Laundry room ventilation issues often come up during installation of a washer or dryer, or when the home is new or being remodeled. Ventilation is more than a matter of keeping room temperature in control, though. Building codes impose very specific requirements for certain aspects of laundry room ventilation which are vital to fire safety, as well as healthy indoor air quality.
Two important issues addressed by proper ventilation are:
- Lint fire hazards. If a dryer is not properly vented, internal temperatures may rise high enough to ignite flammable lint produced by the drying process. Fire may erupt in the dryer as well as spread into walls through the vent pipe. About 3,000 damaging dryer fires happen annually. Airborne lint fibers leaking out of a defective vent pipe are also a breathing hazard.
- Excess humidity. During the spin cycle, a washing machine emits water vapor. Resultant condensation forming on surfaces may trigger mold growth and deteriorate building materials.
Here are some factors to consider when thinking about laundry room ventilation.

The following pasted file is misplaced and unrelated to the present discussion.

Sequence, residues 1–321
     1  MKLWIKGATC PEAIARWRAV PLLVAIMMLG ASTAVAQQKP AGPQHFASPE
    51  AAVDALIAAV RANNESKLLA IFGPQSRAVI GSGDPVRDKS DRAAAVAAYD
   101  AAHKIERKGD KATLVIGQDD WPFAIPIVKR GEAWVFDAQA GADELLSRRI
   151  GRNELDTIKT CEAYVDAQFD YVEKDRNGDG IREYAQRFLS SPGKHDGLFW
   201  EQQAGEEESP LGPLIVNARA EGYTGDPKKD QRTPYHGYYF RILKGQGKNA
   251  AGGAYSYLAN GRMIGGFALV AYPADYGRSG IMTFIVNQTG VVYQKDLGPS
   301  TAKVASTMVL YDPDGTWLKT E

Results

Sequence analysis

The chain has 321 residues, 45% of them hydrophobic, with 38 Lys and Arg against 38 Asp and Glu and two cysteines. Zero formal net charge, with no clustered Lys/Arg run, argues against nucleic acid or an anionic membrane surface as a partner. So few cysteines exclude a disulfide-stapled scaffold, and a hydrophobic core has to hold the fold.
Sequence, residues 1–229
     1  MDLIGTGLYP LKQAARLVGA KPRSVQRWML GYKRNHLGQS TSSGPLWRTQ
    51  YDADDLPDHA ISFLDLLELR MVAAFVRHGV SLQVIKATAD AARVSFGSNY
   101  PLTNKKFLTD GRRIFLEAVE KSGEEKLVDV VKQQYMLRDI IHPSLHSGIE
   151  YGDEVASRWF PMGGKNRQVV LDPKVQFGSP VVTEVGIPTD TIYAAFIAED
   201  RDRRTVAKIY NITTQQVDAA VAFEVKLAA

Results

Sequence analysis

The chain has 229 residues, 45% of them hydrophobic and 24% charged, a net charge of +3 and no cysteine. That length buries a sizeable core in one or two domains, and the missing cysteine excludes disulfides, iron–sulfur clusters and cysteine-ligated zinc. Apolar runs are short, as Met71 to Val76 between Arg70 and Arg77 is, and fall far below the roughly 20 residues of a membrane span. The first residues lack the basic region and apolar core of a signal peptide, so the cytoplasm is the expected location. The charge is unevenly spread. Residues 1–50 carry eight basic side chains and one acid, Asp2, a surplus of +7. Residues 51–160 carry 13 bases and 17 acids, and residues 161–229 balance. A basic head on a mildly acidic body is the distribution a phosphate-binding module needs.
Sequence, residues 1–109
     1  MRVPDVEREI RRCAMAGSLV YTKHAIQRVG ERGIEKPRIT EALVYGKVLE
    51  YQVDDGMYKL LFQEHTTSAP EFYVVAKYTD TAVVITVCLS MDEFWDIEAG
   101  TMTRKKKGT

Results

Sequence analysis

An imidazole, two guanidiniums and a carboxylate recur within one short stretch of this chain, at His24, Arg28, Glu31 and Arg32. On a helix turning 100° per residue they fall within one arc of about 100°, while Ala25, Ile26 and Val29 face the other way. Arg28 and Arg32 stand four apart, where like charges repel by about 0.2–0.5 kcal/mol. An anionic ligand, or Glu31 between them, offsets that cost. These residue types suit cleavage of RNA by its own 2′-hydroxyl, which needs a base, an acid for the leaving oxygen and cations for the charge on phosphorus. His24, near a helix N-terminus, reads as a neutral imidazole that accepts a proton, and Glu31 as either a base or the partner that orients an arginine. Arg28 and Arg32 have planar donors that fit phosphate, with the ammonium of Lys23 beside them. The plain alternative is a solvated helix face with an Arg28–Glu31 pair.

- According to the International Building Code, a dryer vent pipe must be fabricated of smooth metal and at least 4-inches in diameter. It must extend all the way to a termination point outdoors. Total length of the vent pipe cannot exceed 35 feet. This maximum length is reduced by 2.5 feet for every 45-degree bend in the pipe and 5 feet for 90-degree bends. Plastic flexible vent pipes pose a fire hazard and are no longer permitted by building codes.
- Installation of a powered vent fan in the ceiling or an exterior wall is most effective to vent humidity. The fan should provide adequate cubic feet per minute (CFM) of air volume per manufacturer’s specs to ventilate the square footage of the room. A fan installed in the ceiling must connect to a duct that extends to the exterior of the house. Never vent laundry room air into the attic.
For professional dryer vent cleaning or other key home comfort and safety concerns, contact Jackson & Sons.